Poorly run and/or staffed Boards of Trustees has to be one of the biggest problems in higher education. What's amazing is that, for all the complaining that Board members engage in about politics in the curriculum and among faculty, it's ~Board~ politics that are most disastrous for colleges.
In the end, MCC will get the president it ~deserves~ if not the one it really needs. - TL
However, I did apply for a job at MCC, oddly enough, if I got it and accepted, I'd be walking into a whole new mess.
The result was inspiring, in a way, as the BoT succeeded in doing something no other BoT has been able to do in the history of my institution: they united every single faction in opposition to them. Faculty, staff, the administration (secretly), and even the students were screaming bloody murder over their attempt to implant their political crony in the president's office. Each constituency passed a separate vote of no confidence, played it up in the local press, and furiously lobbied the "friendly" members of the board in private. In the end, the BoT blinked. Their candidate, backed by local Democrat politicos, withdrew. I guess it became obvious that the job would be much harder than expected, and would probably result in yet another resignation under pressure.
A few months later, the political wing of the faculty union narrowly missed unseating one of the worst BoT members. Though that candidate was able to retain the seat, the race was expensive enough to get the attention of all the other members of the board.
I think one of the best remedies to this kind of nepotism is a faculty union with a significant amount of money in their political fund.
I must have missed the numerous posts about "pseudo academic appointments" going to Al Gore, Donna Shalala, etc. ad nauseum . . .
I would argue that appointing political cronies as *actual faculty members teaching in the classroom* is more damaging to the mission of the university than making a similar appointment to some glad-handing fund-raising administrative position.
What does a University President *do,* exactly?
What qualifications do we seek in a University President?
Larry Summers, meet Ward Churchill?!?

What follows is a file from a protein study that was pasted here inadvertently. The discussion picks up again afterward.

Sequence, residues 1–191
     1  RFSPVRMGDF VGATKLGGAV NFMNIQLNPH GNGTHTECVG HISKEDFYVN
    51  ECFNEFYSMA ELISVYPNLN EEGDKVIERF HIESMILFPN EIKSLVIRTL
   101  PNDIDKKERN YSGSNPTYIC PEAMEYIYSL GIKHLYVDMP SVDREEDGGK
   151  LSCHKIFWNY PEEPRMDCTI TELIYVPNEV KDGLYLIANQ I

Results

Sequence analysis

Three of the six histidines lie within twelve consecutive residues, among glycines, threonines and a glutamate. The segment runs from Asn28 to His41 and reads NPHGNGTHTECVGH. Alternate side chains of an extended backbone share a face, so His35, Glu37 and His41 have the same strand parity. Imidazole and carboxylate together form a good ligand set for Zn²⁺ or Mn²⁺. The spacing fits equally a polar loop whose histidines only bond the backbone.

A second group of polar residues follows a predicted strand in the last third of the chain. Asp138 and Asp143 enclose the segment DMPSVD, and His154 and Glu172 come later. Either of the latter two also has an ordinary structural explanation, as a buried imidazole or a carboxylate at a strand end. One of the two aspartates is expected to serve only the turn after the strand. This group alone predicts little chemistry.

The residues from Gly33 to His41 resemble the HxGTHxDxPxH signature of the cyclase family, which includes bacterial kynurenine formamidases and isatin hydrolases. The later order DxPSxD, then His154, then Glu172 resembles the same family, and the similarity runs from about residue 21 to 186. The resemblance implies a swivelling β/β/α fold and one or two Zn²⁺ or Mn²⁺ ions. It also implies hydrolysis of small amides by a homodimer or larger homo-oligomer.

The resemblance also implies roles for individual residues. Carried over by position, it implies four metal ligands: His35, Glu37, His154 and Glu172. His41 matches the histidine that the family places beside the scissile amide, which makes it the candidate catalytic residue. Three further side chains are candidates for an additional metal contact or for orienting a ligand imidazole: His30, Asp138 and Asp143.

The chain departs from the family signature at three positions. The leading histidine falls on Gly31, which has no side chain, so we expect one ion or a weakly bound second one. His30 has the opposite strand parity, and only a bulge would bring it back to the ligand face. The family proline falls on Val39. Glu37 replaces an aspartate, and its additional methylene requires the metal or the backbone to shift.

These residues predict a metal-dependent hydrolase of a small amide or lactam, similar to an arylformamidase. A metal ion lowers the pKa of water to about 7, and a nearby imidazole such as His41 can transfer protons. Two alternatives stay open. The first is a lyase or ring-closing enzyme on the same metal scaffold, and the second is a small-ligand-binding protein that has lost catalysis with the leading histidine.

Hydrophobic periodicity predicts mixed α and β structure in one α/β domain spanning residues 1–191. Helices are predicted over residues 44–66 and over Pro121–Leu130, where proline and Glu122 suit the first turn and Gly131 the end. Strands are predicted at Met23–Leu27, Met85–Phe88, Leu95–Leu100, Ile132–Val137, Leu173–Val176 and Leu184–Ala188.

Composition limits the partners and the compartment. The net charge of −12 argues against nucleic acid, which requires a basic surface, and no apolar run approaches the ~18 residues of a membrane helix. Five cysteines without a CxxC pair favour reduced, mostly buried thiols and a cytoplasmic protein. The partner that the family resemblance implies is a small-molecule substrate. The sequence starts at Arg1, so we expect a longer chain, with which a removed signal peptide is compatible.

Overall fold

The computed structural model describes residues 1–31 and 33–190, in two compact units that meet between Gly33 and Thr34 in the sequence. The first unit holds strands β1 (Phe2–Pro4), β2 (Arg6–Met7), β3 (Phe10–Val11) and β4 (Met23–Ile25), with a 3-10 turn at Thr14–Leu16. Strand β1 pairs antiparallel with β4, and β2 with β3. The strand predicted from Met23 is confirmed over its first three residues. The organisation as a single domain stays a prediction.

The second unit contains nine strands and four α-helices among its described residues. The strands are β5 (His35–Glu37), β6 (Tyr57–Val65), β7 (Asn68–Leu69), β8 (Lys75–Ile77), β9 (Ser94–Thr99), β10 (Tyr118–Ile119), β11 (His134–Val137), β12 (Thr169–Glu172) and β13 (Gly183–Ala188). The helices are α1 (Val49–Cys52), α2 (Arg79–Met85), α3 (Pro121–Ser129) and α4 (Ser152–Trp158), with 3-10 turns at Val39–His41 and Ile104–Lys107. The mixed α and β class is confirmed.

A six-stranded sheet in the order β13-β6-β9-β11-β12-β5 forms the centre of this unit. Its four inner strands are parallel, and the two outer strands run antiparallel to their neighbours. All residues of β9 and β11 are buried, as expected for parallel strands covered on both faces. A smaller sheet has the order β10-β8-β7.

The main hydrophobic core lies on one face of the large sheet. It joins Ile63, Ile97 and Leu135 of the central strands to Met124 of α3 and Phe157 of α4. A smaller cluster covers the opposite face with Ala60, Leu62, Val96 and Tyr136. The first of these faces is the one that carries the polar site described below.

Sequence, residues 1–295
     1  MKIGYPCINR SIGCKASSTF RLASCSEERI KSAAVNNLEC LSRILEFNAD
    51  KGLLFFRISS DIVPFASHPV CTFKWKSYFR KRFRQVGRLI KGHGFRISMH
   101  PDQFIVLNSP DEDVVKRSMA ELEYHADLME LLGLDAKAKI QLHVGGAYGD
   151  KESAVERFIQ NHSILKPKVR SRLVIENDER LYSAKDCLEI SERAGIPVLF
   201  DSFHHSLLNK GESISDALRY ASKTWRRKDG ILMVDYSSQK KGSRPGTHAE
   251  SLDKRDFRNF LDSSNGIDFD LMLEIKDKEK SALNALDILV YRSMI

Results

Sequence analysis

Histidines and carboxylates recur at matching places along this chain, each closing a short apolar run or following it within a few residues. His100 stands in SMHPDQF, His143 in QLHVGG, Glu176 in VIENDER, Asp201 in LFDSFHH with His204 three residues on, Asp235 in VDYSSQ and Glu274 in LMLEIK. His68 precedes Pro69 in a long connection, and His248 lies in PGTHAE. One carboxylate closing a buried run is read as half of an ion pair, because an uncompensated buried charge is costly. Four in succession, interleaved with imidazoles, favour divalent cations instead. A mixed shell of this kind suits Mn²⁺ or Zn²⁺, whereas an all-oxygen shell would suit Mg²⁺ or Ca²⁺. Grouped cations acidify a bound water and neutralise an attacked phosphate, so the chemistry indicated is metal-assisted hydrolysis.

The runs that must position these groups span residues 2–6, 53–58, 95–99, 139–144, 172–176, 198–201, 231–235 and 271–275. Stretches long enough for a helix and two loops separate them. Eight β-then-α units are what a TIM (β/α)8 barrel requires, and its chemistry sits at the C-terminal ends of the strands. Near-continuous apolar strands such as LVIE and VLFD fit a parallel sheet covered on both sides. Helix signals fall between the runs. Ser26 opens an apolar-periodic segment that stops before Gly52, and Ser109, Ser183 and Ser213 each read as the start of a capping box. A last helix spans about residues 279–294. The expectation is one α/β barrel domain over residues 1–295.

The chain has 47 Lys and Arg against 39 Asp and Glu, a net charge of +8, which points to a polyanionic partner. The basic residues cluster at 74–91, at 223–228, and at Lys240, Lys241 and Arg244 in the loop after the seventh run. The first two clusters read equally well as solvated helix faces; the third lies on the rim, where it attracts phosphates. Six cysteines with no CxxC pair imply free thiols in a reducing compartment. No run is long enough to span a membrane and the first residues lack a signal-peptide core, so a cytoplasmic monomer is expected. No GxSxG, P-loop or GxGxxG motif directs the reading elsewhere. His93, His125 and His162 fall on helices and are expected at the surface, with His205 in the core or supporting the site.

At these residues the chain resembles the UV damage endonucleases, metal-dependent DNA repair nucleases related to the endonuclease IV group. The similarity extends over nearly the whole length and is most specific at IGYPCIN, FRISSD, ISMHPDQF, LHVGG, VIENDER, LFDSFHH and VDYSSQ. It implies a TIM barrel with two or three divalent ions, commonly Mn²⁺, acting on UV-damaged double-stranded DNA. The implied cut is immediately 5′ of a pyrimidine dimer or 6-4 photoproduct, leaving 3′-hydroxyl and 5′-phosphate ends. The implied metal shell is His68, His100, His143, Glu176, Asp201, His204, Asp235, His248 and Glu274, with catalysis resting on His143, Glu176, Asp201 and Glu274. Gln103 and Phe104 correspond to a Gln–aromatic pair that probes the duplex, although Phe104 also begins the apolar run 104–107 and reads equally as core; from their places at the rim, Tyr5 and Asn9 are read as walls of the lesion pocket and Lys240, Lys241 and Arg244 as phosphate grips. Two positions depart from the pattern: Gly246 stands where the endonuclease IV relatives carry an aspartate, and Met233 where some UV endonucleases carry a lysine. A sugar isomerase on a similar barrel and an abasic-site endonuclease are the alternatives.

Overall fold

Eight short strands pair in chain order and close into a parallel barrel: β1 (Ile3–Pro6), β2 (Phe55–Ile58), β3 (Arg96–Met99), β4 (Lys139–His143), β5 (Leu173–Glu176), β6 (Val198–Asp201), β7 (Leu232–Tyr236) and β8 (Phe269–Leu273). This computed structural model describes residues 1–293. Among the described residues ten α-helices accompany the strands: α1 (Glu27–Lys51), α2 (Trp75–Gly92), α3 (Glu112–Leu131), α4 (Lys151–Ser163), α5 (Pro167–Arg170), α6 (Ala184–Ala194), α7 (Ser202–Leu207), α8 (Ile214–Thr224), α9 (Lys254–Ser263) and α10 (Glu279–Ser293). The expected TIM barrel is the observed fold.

[brings to mind the no-longer-interesting-because-they-are-so-obvious content analysis studies of newspaper reports that always use party affiliation when party X member is even remotely associated with something "bad" but somehow never when party y member does something bad and vice versa for good news]
Newt Gingrich, too, though in an entirely different way.
"I must have missed the numerous posts about "pseudo academic appointments" going to Al Gore, Donna Shalala, etc. ad nauseum . . . "
I won't comment on Al Gore because I don't know enough about whatever appointment he had to comment. However, yet another confused professor needs to do his/her homework about Donna Shalala. Before she was appointed to the department of Health and Human Services, she was a respected with multiple publications who once headed part of the University of Wisconsin system. She cut her teeth in Academia and, no surprise, U of M was happy to get her when she finished her public service in the Clinton administration!
Thanks for the perspective - it could indeed be worse.
Desen Giyim Sanayi (DGS) 1977 yılında İstanbul'da kurulup hamile giyim sektöründe üretime başlamıştır. Hamile giyim üzerine yapmış olduğu özel çalışmaları ile ürün yelpazesini geliştirdi ve bu alanda Türkiye'nin önde gelen üreticileerinden biri haline geldi.
2011Yılından itibaren hamile giyim sektörüne 2. markası 'EVEN FASHION' ı dahil ederek siz değerli müşterilerimizin beğenisine sundu. Böylelikle Türkiye ,Avrupa ve Orta Doğu'da toplam 1000'e yakın noktada tüketicileri ile buluşma imkanı sağladı.